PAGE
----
"Well, but," says one, "are we to have no enjoyments?" My dear friend, the enjoyments which are prepared for Christians are many and great, but they never include sin and folly. Do you call vice and folly amusements?

When I go down into the country, I see farmers carrying out great pails of hogwash for the swine, and I never grudge them their dainty meal. I do not protest against their having a full trough twice over. But do I partake with them? Certainly not! I have no taste for that. Do I therefore deny myself? Certainly not! It never struck me that there was anything desirable in their rich mixture. I have no doubt that it has a fine flavour to the creatures for whom it is prepared. It certainly seems to be appreciated.

If worldlings enjoy the pleasures of the world and sin, let them have them, poor souls. They have nothing else to enjoy. They have no paradise for the everlasting future. They have no Christ and Saviour to lean their heads upon. Let them have that which makes them happy while they can be happy. But when I am talking to the children of God I adopt another tone, since for you these things have no charms if you have truly tasted the high delights of fellowship with God.

"But," you say, "I would greatly enjoy a little of the pleasures of sin." Judge yourselves, then, to be falsely called children of God. "Whosoever is born of God doth not commit sin," by which is not meant that he does not fall into sin through weakness, but that it is not his desire or plan or delight to commit sin. It is not his way, because he is a new creature, and he finds his joy and pleasure in living as near to God as possible.

"How far may we go in conformity to the world?" is a question that is frequently asked. Have you never heard the story of a lady who wanted a coachman? Two or three called to see her about the post, and, in answer to her enquiries, the first applicant said, "Yes, madam, you could not have a better coachman than myself." She replied, "How near do you think you could drive to danger without an accident?" "Madam, I could go within a yard of it, and yet you would be perfectly safe." "Very well," she said, "you will not suit me."

coach driver

Care or confidence?

The second applicant had heard the question upon which the other had been rejected, and therefore he was ready with his answer, "Danger! Madam, why I could drive within a hair’s breadth, and yet be perfectly safe." "Then you will not suit me at all." When number three came in, he was asked, "Are you a good driver?" "Well," he replied, "I am careful and have never met with an accident." "But how near do you think you could drive to danger?" "Madam," he said, "that is a thing I never tried; I always drive as far away from danger as ever I can." The lady at once replied, "You are the kind of coachman I want, and I will engage you at once."

Get such a coachman as that yourself to guide your own heart and lead your own character. Do not see how near you can go to sin, but see how far you can keep away from it. If you do not take that advice, and if the Spirit of God does not produce in you purity of life, by and by the church will have to hold up its hands and say, "Who would have thought it? These were the nice young people of whom so much was expected; these were the good people who used to say, ‘You must not be too strict,’ and where are they now?" To avoid the worst keep clear of the bad.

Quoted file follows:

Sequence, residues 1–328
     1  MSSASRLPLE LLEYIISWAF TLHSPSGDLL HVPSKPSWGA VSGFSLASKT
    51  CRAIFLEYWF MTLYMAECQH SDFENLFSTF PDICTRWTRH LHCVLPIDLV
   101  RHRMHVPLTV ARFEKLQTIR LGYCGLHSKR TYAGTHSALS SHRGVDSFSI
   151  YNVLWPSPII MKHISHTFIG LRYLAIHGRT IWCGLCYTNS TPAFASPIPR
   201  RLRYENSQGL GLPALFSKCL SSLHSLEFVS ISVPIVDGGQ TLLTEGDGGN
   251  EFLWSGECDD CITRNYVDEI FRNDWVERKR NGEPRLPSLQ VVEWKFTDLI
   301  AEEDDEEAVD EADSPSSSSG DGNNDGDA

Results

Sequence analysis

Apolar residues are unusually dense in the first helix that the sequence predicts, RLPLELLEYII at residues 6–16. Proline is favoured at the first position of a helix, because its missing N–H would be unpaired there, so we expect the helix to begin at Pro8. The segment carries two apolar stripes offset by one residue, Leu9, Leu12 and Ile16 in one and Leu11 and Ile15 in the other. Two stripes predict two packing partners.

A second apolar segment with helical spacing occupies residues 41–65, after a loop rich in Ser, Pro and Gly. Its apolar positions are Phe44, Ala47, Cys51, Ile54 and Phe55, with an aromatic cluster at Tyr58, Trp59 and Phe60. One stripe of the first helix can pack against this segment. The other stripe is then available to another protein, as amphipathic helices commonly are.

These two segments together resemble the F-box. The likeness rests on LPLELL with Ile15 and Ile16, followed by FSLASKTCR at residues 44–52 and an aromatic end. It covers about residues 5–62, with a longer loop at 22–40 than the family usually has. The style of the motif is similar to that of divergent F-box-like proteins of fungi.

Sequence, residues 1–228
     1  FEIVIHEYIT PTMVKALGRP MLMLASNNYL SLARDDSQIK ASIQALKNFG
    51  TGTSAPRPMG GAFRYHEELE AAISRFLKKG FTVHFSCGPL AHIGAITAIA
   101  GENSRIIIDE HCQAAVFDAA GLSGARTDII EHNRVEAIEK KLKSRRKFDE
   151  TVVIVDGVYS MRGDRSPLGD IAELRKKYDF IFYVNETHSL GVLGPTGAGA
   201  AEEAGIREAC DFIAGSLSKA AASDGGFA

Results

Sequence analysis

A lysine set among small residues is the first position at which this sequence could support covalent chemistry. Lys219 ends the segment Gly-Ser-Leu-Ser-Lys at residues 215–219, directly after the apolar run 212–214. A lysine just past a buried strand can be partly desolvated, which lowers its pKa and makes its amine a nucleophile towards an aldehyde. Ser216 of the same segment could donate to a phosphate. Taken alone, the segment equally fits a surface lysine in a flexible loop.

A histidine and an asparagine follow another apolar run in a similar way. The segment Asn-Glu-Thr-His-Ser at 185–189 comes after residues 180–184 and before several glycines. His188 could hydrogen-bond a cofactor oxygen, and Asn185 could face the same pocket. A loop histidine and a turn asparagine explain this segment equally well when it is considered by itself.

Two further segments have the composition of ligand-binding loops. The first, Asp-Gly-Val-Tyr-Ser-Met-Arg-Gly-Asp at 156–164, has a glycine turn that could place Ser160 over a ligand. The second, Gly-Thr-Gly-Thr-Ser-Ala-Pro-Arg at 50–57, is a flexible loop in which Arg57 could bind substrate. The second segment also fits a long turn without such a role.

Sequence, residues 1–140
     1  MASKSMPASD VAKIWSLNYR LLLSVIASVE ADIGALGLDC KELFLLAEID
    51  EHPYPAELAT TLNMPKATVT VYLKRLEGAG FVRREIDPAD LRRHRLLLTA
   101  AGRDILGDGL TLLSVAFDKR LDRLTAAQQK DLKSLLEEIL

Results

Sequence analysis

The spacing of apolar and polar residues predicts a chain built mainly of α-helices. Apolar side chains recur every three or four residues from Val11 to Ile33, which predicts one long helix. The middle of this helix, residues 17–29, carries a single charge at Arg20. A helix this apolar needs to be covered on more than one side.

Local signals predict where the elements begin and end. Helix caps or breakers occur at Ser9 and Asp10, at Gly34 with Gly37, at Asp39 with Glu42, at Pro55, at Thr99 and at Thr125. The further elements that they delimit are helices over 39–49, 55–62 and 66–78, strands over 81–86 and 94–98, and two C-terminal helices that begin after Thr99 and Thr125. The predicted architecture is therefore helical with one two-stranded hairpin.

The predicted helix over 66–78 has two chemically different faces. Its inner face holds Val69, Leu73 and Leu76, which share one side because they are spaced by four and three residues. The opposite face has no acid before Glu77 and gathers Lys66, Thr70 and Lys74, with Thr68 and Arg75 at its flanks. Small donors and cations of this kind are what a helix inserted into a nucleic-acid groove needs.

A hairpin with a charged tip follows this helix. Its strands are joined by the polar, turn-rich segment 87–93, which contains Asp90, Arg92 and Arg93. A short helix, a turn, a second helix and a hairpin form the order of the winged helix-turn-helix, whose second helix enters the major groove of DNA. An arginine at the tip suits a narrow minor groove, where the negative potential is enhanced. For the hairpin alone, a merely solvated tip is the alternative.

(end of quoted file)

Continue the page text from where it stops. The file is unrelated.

As for your Lord’s work, be bound to the altar of Christ and be united for ever to Him, and I am sure you will not find that you are losers by giving up worldly pleasures. The Lord’s ways are ways of pleasantness, and all His paths are peace. There is a safe and sweet pleasantness in holy living, and the pleasantness lies very much in the fact that an abounding peace springs from it. God grant us grace to keep in these peaceful paths, even though others should call us Puritans and ridicule our holy fear of sin.

Better Position To Be In – On the Side of Scripture

December 23, 2009


Our object should not be to have scripture on our side but to be on the side of scripture; and however dear any sentiment may have become by being long entertained, so soon as it is seen to be contrary to the Bible, we must be prepared to abandon it without hesitation.

William Symington

Tozer on Modern Unbiblical Views of Faith

November 2, 2009


“My fear is that the modern conception of faith is not the biblical one, that when the teachers of our day use the word they do not mean what the Bible writers meant when they used it. The causes of my uneasiness are these:

1. The lack of spiritual fruit in the lives of so many who claim to have faith.

2. The rarity of a radical change in the conduct and general outlook of persons professing their new faith in Christ as their personal Savior.

3. The failure of our teachers to define or even describe the thing to which the word ‘faith’ is supposed to refer.

4. The heartbreaking failure of multitudes of seekers, be they ever so earnest, to make anything out of the doctrine [of faith] or to receive any satisfying experience through it.